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About this blog: I am a native of Alameda County, grew up in Pleasanton and currently live in the house I grew up in that is more than 100 years old. I spent 39 years in the daily newspaper business and wrote a column for more than 25 years in add...  (More)

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Election season heating up

Uploaded: May 13, 2014

Now that the June primary season is officially in the voting mode (early voting started May 5), candidates will be working hard to increase their profiles.
Some races likely are little more than an earlier popularity contest with the serious contests coming in the fall. That's likely the case in two Bay Area congressional races because of the open primary system that pits the top two finishers in November.
In the 15th, Eric Swalwell of Dublin faces a couple of primary challengers, but only termed out state Senator Ellen Corbett is significant. Their Democrat vs. Democrat showdown will come in November, just like it did two years ago when Swalwell upset 20-term Congressman Pete Stark—who incidentally has vowed to do all he can to help Corbett take out Swalwell.
There is also an interesting dynamic in the 17th district where long-term incumbent Mike Honda faces a spirited challenge from 37-year-old Silicon Valley attorney Ro Khanna. Khanna initially worked to mount a challenge to Swalwell, but decided to take on Honda instead. The two are the favorites to make the run-off in the fall, but there also are two Republicans in the race that could split up the votes.
Khanna received a key endorsement last weekend when the San Jose Mercury recommended him over Honda. The editorial board had complimentary words for Honda, but referred to the 73-year-old him as "venerable." Not exactly a label you want when being compared with a dynamic young man who first ran for Congress at the age of 27.
It would be an apt description for either of California's senators—Dianne Feinstein (81) has served for 22 years, while Barbara Boxer (74) has been there 21 years.
The contrast is the heated primary for the Assembly seat that Joan Buchanan of Alamo has held for the last six years--she is termed out. Democrats Dublin Mayor Tim Sbranti, Danville Councilman Newell Arnerich, Orinda Councilman Steve Glazer and Pleasanton attorney Catharine Baker, a Republican, are running with two advancing to the general election. The spirited race offers voters a range of choices in governing philosophy and probably show off the open primary at its best.

It's a good season to be a school trustee and superintendent in the Dublin Unified School District.
District voters renewed the $96 per year parcel tax overwhelmingly in a mail-in election that was concluded last week. The measure won 75-25 percent when it was last renewed and received 79 percent of the votes cast last week—26 percent of registered voters mailed in their ballots. Clearly, Dublin citizens trust the board members and Superintendent Stephen Hanke.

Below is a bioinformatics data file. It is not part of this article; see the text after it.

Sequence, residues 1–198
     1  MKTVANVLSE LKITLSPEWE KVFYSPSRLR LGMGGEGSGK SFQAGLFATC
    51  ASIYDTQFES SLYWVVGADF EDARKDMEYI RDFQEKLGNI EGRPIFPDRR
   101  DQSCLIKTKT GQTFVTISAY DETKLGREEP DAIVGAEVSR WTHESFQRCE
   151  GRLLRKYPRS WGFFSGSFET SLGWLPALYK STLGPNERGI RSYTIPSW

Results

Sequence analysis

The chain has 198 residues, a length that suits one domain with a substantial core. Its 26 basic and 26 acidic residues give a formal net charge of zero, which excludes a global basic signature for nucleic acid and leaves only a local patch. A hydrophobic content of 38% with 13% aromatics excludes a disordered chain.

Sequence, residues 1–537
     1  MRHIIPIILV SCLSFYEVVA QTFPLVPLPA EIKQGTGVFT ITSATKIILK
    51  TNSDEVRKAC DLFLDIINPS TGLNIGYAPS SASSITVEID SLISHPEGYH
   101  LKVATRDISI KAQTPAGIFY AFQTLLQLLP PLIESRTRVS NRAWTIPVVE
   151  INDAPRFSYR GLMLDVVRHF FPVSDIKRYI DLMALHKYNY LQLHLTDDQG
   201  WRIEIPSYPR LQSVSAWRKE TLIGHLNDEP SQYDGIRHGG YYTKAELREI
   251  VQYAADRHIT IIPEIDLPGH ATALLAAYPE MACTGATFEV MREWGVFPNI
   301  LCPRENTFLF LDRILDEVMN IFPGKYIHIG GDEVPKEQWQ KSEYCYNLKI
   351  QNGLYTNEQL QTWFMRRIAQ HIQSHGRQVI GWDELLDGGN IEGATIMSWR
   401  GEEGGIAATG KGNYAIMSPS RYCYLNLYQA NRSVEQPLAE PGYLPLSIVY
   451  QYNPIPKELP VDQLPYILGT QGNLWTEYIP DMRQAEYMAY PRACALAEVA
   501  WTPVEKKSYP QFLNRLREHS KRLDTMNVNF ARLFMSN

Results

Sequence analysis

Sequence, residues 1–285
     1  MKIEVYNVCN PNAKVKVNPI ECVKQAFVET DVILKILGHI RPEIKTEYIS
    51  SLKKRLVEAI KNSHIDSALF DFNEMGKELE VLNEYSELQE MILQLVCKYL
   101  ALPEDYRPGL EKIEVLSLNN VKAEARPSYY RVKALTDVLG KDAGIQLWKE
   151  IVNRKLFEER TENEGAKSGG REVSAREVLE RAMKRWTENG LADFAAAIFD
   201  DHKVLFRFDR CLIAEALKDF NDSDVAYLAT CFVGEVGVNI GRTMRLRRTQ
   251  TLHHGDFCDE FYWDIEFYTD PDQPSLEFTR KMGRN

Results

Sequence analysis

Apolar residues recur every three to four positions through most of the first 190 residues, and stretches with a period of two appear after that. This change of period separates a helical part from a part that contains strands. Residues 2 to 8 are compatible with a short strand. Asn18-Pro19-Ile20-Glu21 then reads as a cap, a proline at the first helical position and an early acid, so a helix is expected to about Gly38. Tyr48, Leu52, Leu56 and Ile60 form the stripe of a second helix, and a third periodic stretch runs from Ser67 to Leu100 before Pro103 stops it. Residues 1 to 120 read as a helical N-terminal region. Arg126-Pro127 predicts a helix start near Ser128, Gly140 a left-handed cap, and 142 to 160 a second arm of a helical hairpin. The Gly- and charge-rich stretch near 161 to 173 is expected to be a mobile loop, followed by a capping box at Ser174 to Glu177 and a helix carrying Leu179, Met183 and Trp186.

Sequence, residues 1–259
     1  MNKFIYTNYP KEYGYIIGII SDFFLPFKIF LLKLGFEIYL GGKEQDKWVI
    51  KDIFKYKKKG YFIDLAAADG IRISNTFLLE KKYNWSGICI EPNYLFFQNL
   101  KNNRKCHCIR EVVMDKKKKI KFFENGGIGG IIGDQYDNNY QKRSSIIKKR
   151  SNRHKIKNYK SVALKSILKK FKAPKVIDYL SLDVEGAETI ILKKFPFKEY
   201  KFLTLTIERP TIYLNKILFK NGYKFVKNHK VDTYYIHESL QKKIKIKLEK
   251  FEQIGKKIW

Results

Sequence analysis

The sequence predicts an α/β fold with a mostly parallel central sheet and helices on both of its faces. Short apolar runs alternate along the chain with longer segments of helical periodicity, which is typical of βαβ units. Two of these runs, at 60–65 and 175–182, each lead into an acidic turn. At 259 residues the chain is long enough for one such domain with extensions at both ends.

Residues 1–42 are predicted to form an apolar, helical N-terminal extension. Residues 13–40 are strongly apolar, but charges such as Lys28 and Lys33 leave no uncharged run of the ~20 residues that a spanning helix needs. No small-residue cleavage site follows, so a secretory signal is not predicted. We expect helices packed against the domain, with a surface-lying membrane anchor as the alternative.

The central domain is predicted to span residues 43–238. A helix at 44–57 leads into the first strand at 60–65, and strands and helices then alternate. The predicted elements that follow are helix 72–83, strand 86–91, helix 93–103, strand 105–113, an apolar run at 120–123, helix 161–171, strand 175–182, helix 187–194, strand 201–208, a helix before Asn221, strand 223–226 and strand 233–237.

The tax has been raising $1.2 million annually—a number that will increase as additional parcels are developed. The city grew 7.1 percent last year driven by new homes on the east side—an area that has been little activity since the recession hit in 2008. As the city moves toward built-out, the parcel tax revenues could reach $2 million a year. The factor that the trustees cited as so important is that Dublin's revenue per student from the state will not grow because of the new funding formula that allocates more to districts with students living in poverty.
Over the next month, the Livermore school district will learn the fate of its renewal of its parcel tax. For years, Livermore has received significantly less revenue per student than the Pleasanton and Dublin districts, but that will change as the new funding formula kicks in over the next few years. At current levels, Livermore would receive $14 million more per year at Dublin's per-student rate and $10 million per student at Pleasanton's rate.
The $138 per parcel tax for seven years will generate about $3.8 million annually for Livermore schools.
What is it worth to you?


Posted by Richard Winger, a resident of another community,
on May 13, 2014 at 9:15 pm

This article would be better if it didn't refer to California's election system as an "open primary." California has a top-two primary. Neither Prop. 14 in June 2010 (which passed, and created our current system) nor Prop. 62 in November 2004 (which failed, and would have done the same thing) was on the ballot as an "open primary." A Superior Court in Sacramento ruled in 2004 that it couldn't be called an open primary, because "open primary", for over 100 years in political science textbooks and since 1972 in US Supreme Court opinions, has been defined differently. An "open primary", used in 18 states, provides that each party has its own primary and its own nominees, but on primary day, a voter can choose any party's primary ballot. By contrast, in California's system, there are no party nominees and no party primary ballots.

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